Head, Acoustic Research Laboratory, and Associate Professor,
Department of Electrical & Computer Engineering, National University of Singapore
25th May 2022, 4:00pm - 5:00pm (GST)
Unusual suspects: A tale of discovery of less known, but critical, challenges in underwater communication.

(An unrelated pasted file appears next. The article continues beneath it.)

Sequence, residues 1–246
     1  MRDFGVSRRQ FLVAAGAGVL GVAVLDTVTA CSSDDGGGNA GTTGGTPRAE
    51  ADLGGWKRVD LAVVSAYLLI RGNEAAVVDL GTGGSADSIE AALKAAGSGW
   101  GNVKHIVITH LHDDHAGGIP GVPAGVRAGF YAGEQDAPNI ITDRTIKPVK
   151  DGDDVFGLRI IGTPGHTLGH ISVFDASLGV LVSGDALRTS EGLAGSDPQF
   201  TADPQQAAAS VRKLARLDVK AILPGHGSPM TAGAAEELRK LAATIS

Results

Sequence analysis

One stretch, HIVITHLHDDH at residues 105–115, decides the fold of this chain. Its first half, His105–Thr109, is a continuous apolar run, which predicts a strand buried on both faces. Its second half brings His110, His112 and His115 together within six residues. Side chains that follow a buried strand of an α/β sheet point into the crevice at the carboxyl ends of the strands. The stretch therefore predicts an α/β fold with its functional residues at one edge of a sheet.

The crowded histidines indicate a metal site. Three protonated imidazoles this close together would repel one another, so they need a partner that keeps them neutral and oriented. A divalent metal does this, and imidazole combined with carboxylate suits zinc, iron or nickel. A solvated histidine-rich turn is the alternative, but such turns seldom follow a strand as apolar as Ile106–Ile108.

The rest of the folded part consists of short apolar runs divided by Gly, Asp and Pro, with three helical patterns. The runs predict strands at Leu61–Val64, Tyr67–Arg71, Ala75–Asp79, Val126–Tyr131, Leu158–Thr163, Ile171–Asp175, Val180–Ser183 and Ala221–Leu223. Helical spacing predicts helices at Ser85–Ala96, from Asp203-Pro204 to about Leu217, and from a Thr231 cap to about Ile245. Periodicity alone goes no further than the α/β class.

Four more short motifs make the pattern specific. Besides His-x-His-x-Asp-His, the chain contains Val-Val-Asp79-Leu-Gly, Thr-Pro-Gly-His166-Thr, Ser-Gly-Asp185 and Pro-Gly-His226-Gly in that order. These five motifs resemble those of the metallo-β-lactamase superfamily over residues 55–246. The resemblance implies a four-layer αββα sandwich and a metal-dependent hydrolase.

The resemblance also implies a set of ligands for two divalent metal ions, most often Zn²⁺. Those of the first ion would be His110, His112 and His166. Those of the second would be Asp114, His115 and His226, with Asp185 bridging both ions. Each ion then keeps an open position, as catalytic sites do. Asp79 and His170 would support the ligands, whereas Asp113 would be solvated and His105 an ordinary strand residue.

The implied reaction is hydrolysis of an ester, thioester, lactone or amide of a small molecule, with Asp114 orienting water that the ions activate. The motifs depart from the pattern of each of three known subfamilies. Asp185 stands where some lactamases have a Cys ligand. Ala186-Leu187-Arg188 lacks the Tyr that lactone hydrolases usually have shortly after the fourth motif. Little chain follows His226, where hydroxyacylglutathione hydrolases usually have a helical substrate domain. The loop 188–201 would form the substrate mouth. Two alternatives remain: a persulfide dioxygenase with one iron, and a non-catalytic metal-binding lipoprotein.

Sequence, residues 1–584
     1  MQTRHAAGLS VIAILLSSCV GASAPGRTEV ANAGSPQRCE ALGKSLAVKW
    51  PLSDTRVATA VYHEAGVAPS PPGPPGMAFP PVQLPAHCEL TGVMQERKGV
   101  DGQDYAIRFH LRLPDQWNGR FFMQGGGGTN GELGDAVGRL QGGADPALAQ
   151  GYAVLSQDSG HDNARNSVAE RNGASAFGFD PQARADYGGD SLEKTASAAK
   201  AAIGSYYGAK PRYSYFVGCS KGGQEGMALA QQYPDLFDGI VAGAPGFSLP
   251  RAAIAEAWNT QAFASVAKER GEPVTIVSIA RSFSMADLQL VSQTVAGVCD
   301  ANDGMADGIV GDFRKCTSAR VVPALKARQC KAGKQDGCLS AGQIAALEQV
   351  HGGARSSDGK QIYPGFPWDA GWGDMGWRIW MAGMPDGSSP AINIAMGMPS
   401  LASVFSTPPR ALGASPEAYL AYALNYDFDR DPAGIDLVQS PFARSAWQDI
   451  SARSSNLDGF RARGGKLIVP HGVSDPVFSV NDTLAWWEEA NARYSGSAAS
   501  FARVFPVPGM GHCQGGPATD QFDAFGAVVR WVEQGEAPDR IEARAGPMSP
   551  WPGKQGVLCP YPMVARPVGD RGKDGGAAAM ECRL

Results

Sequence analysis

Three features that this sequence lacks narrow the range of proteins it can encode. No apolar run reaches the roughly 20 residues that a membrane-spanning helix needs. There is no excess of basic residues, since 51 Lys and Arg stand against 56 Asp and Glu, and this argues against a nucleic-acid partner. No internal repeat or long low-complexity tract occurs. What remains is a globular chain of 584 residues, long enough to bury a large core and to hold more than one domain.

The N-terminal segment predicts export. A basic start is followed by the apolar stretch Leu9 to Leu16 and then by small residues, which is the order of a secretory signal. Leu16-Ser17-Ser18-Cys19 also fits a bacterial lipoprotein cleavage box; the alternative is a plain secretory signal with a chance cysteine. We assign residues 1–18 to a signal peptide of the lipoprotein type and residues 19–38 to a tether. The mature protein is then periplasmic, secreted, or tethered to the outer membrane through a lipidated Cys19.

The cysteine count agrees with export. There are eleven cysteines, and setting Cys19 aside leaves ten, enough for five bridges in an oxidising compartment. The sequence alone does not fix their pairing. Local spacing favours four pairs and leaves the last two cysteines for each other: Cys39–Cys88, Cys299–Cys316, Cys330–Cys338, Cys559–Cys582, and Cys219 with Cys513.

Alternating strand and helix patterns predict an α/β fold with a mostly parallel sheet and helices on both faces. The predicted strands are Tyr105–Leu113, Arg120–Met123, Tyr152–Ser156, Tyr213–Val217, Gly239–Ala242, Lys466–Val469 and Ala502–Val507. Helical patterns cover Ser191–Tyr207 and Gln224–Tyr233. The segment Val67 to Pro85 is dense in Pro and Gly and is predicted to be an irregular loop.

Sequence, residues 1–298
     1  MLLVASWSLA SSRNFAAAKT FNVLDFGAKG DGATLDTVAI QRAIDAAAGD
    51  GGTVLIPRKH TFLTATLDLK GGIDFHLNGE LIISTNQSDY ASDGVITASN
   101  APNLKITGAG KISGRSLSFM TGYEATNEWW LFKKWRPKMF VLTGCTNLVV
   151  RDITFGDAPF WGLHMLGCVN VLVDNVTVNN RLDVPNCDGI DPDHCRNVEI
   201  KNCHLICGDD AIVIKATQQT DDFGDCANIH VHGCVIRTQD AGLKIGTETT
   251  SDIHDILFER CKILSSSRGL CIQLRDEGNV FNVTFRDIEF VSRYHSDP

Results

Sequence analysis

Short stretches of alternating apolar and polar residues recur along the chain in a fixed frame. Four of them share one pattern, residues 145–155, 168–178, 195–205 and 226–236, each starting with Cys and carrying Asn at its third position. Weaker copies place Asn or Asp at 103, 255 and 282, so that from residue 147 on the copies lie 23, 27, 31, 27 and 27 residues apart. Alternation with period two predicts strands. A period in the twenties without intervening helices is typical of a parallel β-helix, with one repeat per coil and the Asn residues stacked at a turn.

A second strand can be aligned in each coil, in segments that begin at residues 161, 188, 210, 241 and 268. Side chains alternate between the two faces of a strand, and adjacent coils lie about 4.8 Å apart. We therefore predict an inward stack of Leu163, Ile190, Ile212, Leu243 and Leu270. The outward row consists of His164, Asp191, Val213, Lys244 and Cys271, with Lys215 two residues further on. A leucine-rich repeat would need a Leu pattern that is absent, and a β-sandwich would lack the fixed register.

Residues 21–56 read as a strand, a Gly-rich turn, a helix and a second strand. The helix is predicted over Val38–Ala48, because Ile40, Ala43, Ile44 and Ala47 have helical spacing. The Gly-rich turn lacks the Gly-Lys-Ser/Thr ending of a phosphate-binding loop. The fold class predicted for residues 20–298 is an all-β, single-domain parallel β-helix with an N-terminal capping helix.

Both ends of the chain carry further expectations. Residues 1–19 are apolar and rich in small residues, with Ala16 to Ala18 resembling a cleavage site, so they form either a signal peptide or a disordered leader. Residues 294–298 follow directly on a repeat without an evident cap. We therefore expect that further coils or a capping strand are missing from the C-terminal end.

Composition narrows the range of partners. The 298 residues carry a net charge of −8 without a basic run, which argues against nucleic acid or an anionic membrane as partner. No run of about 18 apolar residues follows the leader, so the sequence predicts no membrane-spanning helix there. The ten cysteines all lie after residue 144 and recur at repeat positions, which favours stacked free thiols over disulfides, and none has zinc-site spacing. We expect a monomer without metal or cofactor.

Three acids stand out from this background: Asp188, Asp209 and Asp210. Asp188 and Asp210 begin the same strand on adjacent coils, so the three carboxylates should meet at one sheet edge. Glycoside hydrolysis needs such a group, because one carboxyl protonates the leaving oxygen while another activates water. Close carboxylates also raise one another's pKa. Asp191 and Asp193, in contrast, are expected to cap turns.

It is well known that underwater acoustic communication can be often challenging. Decades of research have unveiled challenges such as poor propagation conditions as a result of adverse sound speed profiles, excessive reverberation in confined or shallow waters, bubbles due to breaking waves in surf zones, and multi-scale Doppler due to surface waves. The waters around Singapore tend to be well mixed, and with mild winds. One would therefore expect underwater communication to be easy in these waters, but yet Singapore offers one of the more challenging waters for underwater modems. In this talk, I'll explore two of the key contributing factors that make Singapore waters difficult to communicate in -- impulsive ambient noise due to snapping shrimp, and persistent bubbles due to heavy shipping. These factors are not just unique to Singapore, but also present challenges in other warm shallow and littoral waters around the world, with busy shipping or an active biota. Surprisingly, some of the things we are learning in the tropical waters around Singapore also teaches us a lot about communicating in the arctic -- an environment that couldn't be more different, but yet shares some key acoustic attributes.